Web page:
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Zen priest, beat poet

Philip Whalen ’51

Phillip Glen Whalen ’51, June 26, 2002, after a long illness, in San Francisco. Born in Portland, famed poet Phillip Whalen spent his early years in The Dalles on the Columbia River, worked at an airplane factory and a shipyard, and served stateside in the U.S. Army Air Corps during World War II. He attended Reed on the G.I. Bill, receiving a BA in general literature.

At Reed he roomed with Gary Snyder ’51 and Lew Welch ’50. He credited professor Lloyd Reynolds [English and art 1929–69] with changing the course of his writing and his life. After Reed, he worked as a fire lookout in the Cascade Mountains, then moved with Snyder to San Francisco, where he met Allen Ginsberg, Jack Kerouac, Philip Lamantia, and Michael McClure. He was present for the "Six Poets at the Six Gallery" poetry reading in 1955 that launched the San Francisco poetry renaissance. His literary style, wit, personal integrity, and mature perspective were influential in the West Coast Beat circle.

Philip went to Kyoto, Japan, to study Buddhism and became a Zen monk in 1973. As Zenshin Ryufu ("Zen-minded-dragon-wind," his Zen name), he spent two decades at Zen centers in San Francisco and in Santa Fe, New Mexico. He was ordained a Zen priest in 1976. His interest in Buddhism began with casual discussions and readings of Eastern thought and literature and bloomed in 1953 when he read a book of essays on Buddhism. "Going through that made me think, gee, this Zen business is really going to suit me because it always included all sorts of painters and poets and lunatics and whatnot and it would be groovy," he said.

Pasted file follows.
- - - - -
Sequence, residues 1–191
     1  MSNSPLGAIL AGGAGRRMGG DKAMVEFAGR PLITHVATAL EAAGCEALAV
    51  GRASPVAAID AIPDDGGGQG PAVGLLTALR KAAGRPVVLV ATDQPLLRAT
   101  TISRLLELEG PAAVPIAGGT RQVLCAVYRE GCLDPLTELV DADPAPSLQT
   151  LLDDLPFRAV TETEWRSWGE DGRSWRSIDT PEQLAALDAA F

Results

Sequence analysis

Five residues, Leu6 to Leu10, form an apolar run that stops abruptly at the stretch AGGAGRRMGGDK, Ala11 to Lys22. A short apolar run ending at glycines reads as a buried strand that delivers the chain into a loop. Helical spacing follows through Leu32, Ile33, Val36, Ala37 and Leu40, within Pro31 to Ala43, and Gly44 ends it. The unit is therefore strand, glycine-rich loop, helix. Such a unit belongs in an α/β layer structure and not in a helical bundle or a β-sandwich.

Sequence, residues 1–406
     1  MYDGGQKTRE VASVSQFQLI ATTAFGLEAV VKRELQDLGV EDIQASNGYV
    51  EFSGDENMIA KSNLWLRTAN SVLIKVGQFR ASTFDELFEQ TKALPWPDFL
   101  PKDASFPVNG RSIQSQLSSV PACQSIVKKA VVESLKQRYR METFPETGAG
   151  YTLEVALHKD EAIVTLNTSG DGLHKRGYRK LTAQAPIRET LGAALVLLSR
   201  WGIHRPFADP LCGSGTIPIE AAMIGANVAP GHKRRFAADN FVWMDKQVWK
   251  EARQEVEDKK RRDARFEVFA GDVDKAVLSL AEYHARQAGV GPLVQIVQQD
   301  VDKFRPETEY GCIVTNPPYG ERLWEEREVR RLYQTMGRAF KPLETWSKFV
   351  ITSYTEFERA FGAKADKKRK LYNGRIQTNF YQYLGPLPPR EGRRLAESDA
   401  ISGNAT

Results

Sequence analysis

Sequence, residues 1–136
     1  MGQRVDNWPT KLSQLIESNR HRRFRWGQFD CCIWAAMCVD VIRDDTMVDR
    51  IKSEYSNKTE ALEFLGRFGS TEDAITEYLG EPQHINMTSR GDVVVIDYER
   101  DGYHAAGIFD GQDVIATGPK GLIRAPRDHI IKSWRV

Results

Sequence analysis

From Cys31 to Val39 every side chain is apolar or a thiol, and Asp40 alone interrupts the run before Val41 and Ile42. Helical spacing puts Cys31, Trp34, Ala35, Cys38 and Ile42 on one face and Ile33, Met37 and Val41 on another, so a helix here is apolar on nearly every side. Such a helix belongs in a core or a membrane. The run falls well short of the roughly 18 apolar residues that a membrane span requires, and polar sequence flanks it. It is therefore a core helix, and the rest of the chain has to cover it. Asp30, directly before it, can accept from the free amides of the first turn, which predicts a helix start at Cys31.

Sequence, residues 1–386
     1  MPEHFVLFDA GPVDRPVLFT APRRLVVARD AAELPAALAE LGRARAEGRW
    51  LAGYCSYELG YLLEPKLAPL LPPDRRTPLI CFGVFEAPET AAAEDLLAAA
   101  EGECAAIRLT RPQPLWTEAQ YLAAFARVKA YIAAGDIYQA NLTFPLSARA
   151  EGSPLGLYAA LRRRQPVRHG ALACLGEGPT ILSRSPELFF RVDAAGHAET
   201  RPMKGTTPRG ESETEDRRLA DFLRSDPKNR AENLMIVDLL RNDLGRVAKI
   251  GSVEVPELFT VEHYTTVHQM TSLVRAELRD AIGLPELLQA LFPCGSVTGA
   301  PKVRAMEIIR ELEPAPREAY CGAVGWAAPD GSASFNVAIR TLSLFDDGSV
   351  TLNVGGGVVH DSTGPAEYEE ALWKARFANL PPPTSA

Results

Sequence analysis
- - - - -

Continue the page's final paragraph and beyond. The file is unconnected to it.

In 1991 Phillip became the abbot for the Hartford Street Zen Center in San Francisco. He wrote more than 20 volumes of poetry, prose, and commentary, receiving the American Academy of Arts and Letters Morton Dauwen Zabel Award for his poetry in 1986. Collections of his manuscripts were given to the Reed library and the Bancroft Library at the University of California, Berkeley.

In his 1965 poem "Japanese Tea Garden Golden Gate Park in Spring," he wrote, "the cherry trees will blossom every year but I’ll disappear for good, one of these days. There. That’s all about the permanence of the most impossibly fragile delicate and fleeting objects."

He is survived by his sister.

Appeared in Reed magazine: November 2002

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